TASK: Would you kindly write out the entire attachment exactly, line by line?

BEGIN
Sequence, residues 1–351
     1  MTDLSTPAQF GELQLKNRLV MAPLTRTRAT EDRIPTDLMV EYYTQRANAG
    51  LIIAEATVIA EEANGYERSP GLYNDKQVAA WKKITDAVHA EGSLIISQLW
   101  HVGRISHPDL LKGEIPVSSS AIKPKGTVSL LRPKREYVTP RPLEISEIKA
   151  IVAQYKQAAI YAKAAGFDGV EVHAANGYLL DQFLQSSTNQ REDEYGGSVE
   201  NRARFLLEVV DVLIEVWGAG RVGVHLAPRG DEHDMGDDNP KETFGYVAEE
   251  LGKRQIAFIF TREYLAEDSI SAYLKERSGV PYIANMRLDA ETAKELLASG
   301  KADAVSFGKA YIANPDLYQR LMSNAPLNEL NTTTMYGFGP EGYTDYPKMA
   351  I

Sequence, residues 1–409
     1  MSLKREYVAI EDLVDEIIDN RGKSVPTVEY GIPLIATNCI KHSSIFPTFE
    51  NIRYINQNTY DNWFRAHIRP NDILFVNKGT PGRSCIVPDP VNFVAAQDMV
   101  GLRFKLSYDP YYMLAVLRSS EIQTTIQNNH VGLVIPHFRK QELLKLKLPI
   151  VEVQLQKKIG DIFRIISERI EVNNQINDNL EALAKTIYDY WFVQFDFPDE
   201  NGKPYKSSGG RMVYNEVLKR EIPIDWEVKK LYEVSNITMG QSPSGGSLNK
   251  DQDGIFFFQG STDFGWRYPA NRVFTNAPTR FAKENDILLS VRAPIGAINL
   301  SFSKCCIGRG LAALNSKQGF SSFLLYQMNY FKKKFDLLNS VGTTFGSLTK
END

Sequence, residues 1–351
     1  MTDLSTPAQF GELQLKNRLV MAPLTRTRAT EDRIPTDLMV EYYTQRANAG
    51  LIIAEATVIA EEANGYERSP GLYNDKQVAA WKKITDAVHA EGSLIISQLW
   101  HVGRISHPDL LKGEIPVSSS AIKPKGTVSL LRPKREYVTP RPLEISEIKA
   151  IVAQYKQAAI YAKAAGFDGV EVHAANGYLL DQFLQSSTNQ REDEYGGSVE
   201  NRARFLLEVV DVLIEVWGAG RVGVHLAPRG DEHDMGDDNP KETFGYVAEE
   251  LGKRQIAFIF TREYLAEDSI SAYLKERSGV PYIANMRLDA ETAKELLASG
   301  KADAVSFGKA YIANPDLYQR LMSNAPLNEL NTTTMYGFGP EGYTDYPKMA
   351  I

Sequence, residues 1–409
     1  MSLKREYVAI EDLVDEIIDN RGKSVPTVEY GIPLIATNCI KHSSIFPTFE
    51  NIRYINQNTY DNWFRAHIRP NDILFVNKGT PGRSCIVPDP VNFVAAQDMV
   101  GLRFKLSYDP YYMLAVLRSS EIQTTIQNNH VGLVIPHFRK QELLKLKLPI
   151  VEVQLQKKIG DIFRIISERI EVNNQINDNL EALAKTIYDY WFVQFDFPDE
   201  NGKPYKSSGG RMVYNEVLKR EIPIDWEVKK LYEVSNITMG QSPSGGSLNK
   251  DQDGIFFFQG STDFGWRYPA NRVFTNAPTR FAKENDILLS VRAPIGAINL
   301  SFSKCCIGRG LAALNSKQGF SSFLLYQMNY FKKKFDLLNS VGTTFGSLTK